Cells of B. subtilis 2020 (trpC2 spc amyE::Pxyl-gfp-ftsZ)29 or B. subtilis CM03 (trpC2 cat aprE::Pspac-mcherry-ftsZ; spc amyE::Pxyl-msfgfp-pbpB) were grown at 37 °C to early-exponential phase (OD600 of 0.1). For the expression of GFP and mCherry fusion proteins, Pxyl and Pspac promoters were induced using 0.1–0.2% xylose and 0.1 mM IPTG, respectively. Then, cells were preincubated in LB supplemented with 0.125–0.25 µg/ml ADEP2 for 10 min or DMSO as a control. Bacteria were transferred onto microscopy slides using gene frames (Life Technologies) and a thin film of 1.5% agarose in 25% LB containing 0.125–0.25 µg/ml ADEP2 as well as according concentrations of the inducer compounds xylose and/or IPTG. Doubling times of bacteria on microscopy slides were in the range of 30–45 min. Phase contrast and fluorescence images were taken at distinct time points as indicated. Elapsed time between sampling and image acquisition was ~5–10 min. Of note, the ADEP2 concentration used here results in filamentation of B. subtilis, resembling a phenotype that is due to fast FtsZ degradation, i.e., the cellular amount of FtsZ is reduced by more than half within 5 min once ADEP-ClpP is fully engaged, whereas biomass increase and metabolism in general remain unaltered18. Since the addition of ADEP leads to an overall depletion of the FtsZ pool within 15–20 min18,20, image acquisition was started at the assumed onset of detectable FtsZ pool reduction (correlating to approximately half the bacterial doubling time on microscopy slides), which is further indicated by the presence of early FtsZ rings at the start of imaging as well as their soon disintegration. For image analysis, we deliberately monitored bacterial cells or small cell clusters (i.e., immediate daughter cells) that showed both early as well as late FtsZ rings, thereby ensuring similar conditions of ADEP action on the distinct stages of the FtsZ ring and the divisome in the analyzed bacterial cells. Super-resolution images were recorded using a Zeiss Axio Observer Z1 LSM800 equipped with an Airyscan detector and a C Plan-Apo 63x/1.4 Oil DIC objective (Zeiss, Germany). Images were processed using the ZEN2.3 image analysis software package (Zeiss). Time-lapse micrographs were obtained using a Nikon Eclipse Ti automated microscope equipped with a Perfect Focus system (Nikon Instruments Europe BV, Netherlands), an Orca Flash 4.0 camera (Hamamatsu, Photonics, Japan), and CFI Plan-Apo DM 100x/1.45 Oil Ph3 objective (Nikon). Image acquisition and analysis were performed via the NIS elements AR software package (Nikon).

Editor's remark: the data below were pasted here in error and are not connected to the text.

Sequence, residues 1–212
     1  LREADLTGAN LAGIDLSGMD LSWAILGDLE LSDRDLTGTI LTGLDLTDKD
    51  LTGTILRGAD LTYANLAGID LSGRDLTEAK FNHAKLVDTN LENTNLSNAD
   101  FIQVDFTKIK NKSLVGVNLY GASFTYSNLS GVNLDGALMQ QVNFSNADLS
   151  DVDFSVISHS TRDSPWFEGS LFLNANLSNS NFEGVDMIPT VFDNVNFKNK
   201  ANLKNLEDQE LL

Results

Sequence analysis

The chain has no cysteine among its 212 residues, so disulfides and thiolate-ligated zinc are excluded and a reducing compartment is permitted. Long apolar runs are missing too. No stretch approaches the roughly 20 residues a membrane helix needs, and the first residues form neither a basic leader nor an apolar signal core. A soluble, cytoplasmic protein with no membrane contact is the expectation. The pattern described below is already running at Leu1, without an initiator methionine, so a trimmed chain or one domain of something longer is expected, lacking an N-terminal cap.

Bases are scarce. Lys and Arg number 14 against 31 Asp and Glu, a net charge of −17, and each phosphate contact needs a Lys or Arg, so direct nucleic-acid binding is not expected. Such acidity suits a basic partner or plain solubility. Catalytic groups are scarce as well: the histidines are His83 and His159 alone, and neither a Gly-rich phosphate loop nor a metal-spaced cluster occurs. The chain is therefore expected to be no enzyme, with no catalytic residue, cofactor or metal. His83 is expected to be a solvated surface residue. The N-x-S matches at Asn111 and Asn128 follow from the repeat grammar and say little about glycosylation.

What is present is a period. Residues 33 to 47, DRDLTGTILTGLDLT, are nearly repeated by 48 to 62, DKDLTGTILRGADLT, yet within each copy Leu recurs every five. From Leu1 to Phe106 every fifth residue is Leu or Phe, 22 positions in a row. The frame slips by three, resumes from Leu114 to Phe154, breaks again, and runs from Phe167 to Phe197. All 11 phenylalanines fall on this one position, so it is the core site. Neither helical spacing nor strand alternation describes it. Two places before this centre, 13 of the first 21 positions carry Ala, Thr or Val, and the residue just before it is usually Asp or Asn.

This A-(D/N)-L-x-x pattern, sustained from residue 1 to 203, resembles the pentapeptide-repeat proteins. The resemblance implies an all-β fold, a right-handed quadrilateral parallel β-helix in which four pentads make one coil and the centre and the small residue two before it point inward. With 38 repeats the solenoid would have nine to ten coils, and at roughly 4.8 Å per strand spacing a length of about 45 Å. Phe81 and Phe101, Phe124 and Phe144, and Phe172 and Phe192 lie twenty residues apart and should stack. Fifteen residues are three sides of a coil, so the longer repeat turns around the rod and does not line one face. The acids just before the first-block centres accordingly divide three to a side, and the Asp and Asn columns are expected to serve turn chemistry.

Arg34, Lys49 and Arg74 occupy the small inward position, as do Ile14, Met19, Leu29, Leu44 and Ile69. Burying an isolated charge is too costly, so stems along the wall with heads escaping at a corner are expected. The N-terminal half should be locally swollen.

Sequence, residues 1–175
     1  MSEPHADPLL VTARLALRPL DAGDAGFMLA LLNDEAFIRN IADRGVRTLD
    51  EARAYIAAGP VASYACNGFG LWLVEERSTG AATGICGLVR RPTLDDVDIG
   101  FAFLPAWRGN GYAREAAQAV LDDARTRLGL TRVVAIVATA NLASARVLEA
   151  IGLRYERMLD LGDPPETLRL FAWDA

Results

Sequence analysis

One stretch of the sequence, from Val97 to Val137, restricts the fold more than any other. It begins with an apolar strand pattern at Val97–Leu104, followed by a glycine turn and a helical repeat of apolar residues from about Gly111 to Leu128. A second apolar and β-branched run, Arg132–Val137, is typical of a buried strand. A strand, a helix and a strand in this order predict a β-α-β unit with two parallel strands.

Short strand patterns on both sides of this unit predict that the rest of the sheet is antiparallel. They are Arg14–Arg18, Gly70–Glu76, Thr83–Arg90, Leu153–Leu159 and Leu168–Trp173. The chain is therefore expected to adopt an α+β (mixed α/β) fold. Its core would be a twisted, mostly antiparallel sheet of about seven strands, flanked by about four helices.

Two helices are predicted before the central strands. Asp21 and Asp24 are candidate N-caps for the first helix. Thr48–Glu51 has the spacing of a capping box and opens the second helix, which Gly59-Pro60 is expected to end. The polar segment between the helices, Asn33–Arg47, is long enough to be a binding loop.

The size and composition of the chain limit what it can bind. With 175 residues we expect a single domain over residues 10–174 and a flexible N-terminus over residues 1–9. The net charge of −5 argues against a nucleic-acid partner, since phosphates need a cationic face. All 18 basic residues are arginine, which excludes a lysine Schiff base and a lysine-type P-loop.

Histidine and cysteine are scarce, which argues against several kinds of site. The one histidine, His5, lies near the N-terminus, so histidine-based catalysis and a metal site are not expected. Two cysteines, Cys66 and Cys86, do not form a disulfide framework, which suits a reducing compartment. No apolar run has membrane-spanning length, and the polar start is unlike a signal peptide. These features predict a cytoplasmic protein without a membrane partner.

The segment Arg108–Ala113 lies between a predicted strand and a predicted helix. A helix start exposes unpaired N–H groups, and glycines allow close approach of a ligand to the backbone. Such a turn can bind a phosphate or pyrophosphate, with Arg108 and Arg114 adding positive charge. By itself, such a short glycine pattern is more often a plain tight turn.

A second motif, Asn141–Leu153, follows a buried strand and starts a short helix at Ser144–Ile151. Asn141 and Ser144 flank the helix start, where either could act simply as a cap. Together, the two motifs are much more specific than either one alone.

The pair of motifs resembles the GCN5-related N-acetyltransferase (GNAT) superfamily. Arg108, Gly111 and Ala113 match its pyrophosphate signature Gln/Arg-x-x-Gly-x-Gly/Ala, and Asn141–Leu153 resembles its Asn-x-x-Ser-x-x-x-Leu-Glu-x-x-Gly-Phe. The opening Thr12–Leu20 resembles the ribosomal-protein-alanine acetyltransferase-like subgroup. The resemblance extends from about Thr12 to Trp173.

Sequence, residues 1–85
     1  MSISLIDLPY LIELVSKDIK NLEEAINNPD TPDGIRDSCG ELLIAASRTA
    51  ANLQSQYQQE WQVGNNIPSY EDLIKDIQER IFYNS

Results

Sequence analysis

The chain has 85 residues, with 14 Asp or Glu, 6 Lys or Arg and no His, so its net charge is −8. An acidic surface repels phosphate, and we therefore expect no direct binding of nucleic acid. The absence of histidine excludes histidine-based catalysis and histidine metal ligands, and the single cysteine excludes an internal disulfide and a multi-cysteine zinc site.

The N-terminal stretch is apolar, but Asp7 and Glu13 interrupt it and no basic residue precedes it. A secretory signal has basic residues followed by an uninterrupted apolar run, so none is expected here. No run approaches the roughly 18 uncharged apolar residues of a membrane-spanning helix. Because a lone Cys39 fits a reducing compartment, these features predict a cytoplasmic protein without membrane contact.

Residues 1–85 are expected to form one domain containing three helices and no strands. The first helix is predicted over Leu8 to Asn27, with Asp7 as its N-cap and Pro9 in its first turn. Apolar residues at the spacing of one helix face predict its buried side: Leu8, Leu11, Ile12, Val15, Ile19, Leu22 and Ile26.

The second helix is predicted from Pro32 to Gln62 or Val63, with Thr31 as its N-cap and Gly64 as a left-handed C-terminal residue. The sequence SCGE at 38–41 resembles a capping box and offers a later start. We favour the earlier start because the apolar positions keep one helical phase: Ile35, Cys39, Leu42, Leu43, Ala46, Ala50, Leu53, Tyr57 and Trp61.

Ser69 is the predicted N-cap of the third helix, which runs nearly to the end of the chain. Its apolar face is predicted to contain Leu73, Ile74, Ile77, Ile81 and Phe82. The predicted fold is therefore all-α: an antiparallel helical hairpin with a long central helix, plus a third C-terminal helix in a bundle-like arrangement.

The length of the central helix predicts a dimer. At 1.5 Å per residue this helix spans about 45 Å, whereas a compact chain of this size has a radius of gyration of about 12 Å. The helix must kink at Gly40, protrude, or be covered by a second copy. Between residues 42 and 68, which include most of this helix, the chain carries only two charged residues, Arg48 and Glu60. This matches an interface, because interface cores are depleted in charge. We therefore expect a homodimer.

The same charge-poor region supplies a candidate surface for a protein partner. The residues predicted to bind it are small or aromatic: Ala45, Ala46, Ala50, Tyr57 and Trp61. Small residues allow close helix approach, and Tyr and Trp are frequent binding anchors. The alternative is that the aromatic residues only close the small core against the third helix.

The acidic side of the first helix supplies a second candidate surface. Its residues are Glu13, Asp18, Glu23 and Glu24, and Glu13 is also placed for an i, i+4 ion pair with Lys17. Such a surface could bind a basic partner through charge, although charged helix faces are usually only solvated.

Statistics and reproducibility